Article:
Yeah, right. Over 50 years on of the Castro brothers’ dictatorship, and their chosen tinhorn successor, Miguel Diaz-Canel, the Cuban people are no better off than they were under Batista.

      IPA is also “anti-zionist,” which is the usual soundbite for being anti-semitic.

      “more about the giving part…..” That I agree with. In this calendar year, I’ve given over 20% of my gross income to various charities that have .501(c)3 tax classifications from the IRS..

      1. CHB, I didn't see you argue with the point of his statement…just his organization.

        And, if I may be so bold as to ask. What does your tax deductible giving history have to do with his point?Just seeking clarification..

        1. I guess his point is that it could have been much, much worse . . .

          . . . Prashad could’ve been affiliated with a terrorist group, shamelessly hellbent on spreading misinformation, chaos, and destruction — a (real? or fake?) Republican??!


          Happy Thanks and Giving to you both! . . . 


        2. I interpreted Diogenes' point as people need to be givers, not takers. 

          Actually, I will take issue somewhat with Prashad's statement. Reading in the link given, Prashad blames colonialism for much of the world's problems. There is something to that. But the major colonial era ended in the early 1960s. After a while, it's the independent countries that have screwed things up for themselves. Looking just at Africa, for every success story like a Botswana or (most of the time) a Ghana, one gets a Somalia and a Central African Republic. 

          1. I'm not sure colonialism is really over; just metastasized.

            It is easier to have local strong-men with guns manage the banana plantations or Chromium mines. That's the thing with kleptocracy: the corruption and the taking.

            Even in the old colonial days you might be thinking about, local managers were always part of the system.

      2. If you don’t like one position of the IPA, it doesn’t mean that Prashad is wrong on this issue ( that major industrial nations that created a climate refugee crisis should not be taking more responsibility and doing more). 

        Personally, I tend not to trust socialists, having seen them in action as a teen and young activist-  their opportunism, any-means-to-an-end, self-righteousness and sexism, as well as historic oppression of people in socialist countries- Cuba, Venezuela, USSR, China- has left  me determined to never be recruited to a “Party”.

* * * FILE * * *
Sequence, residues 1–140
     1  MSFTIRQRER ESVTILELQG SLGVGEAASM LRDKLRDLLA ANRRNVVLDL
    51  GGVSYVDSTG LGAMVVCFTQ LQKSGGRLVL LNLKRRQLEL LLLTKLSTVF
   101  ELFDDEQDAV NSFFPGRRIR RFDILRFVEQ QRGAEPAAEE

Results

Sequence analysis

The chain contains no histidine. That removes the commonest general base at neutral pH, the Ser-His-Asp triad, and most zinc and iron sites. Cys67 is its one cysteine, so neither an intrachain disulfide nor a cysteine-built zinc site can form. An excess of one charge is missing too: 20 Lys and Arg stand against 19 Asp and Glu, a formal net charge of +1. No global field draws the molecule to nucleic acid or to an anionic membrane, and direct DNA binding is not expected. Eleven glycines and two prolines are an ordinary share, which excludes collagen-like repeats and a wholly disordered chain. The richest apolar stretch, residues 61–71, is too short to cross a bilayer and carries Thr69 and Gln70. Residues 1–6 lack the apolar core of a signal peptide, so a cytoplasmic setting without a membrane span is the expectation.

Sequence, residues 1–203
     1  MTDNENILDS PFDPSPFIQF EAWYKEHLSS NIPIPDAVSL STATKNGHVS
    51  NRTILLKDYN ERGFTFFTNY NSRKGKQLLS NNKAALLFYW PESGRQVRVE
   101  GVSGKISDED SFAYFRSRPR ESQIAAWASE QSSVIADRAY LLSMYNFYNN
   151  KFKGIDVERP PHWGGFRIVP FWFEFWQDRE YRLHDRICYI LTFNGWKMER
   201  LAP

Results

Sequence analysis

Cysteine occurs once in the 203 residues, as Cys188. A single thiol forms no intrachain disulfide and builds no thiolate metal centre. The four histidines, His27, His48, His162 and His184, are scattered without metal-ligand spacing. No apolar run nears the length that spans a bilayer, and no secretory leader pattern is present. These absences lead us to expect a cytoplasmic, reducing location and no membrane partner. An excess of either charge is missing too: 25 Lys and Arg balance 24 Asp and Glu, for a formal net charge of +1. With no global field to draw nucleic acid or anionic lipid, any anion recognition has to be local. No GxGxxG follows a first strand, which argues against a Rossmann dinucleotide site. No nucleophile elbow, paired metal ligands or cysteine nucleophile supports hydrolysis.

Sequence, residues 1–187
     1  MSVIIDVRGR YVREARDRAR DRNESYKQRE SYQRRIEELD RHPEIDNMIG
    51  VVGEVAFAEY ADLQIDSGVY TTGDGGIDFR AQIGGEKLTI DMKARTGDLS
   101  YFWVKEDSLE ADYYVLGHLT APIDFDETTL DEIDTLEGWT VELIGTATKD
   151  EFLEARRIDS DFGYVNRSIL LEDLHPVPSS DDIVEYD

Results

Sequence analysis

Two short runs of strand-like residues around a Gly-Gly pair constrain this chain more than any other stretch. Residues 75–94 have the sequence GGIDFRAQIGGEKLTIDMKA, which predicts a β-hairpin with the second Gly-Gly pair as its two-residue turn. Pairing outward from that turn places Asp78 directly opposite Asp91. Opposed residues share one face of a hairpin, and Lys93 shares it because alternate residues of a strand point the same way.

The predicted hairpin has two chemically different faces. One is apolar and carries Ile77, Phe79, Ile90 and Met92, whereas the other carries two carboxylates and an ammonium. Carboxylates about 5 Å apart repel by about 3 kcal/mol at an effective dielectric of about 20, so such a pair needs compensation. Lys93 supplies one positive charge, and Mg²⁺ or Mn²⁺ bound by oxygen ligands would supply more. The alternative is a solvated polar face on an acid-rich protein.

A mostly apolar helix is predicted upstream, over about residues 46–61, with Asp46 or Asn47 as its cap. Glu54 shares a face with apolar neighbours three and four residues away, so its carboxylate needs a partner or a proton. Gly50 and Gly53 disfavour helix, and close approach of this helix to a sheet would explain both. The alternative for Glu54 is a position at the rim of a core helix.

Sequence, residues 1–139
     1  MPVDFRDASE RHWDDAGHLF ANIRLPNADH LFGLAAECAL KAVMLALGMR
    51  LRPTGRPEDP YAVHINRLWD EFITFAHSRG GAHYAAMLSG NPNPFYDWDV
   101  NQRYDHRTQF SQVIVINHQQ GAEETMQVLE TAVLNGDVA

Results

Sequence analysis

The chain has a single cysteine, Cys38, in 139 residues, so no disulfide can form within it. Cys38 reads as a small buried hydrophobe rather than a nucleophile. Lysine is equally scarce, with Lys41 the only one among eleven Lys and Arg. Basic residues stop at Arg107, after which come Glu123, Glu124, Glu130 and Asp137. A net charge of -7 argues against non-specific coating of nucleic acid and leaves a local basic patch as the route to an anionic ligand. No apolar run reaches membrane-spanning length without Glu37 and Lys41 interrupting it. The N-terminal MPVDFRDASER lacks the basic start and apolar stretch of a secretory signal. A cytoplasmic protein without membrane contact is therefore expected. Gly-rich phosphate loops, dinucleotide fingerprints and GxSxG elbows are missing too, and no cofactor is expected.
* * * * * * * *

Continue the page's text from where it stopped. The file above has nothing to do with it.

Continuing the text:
However, there is need in the climate crisis for “all hands on deck”- capitalists and communists and socialists and anarchists and more.  I’d like to see all ideas evaluated on their merits- but we do have to also evaluate ideas based on the actual organizational practice.


        1. Interested persons may want to review the December, 2021 issue of Reason Magazine. Almost the entire issue is devoted to the legacy of Communism, 30 years after the fall of the Soviet Union. Part of the issue is an interview with chess grandmaster Garry Kasparov. On socialism, Kasparov quotes Winston Churchill: “socialism is the religion of failure, the creed of ignorance, and the gospel of envy.” Kasparov also notes the difference between Social Democrats (like in Scandinavia) and Democratic Socialists (like Bernie Sanders). 

          Much of the issue looks at each of the parts of the former Soviet Union and how they have done in the 30 years since the Fall. 

        2. "Personally, I tend not to trust socialists, having seen them in action as a teen and young activist- their opportunism, any-means-to-an-end, self-righteousness and sexism, as well as historic oppression of people in socialist countries- Cuba, Venezuela, USSR, China- has left me determined to never be recruited to a “Party”." 


          1. I still support social programs that build the “Commons”, as Thom Hartmann called it. 

            That includes programs like subsidized healthcare /Medicare for all, and universal pre- K, that are part of everyday life in most of the industrialized world. These programs are often called “socialist” in an effort to red-scare people away from supporting them. 

            Party- Builders- whether Socialist Worker’s Party, Democrats, or Republicans- always take building the Party as their prime directive. In the case of Democrats, because I agree with Democratic aims, I’ll overlook the party building, or even help build it, as a necessary evil.I guess that makes me a Social Democrat.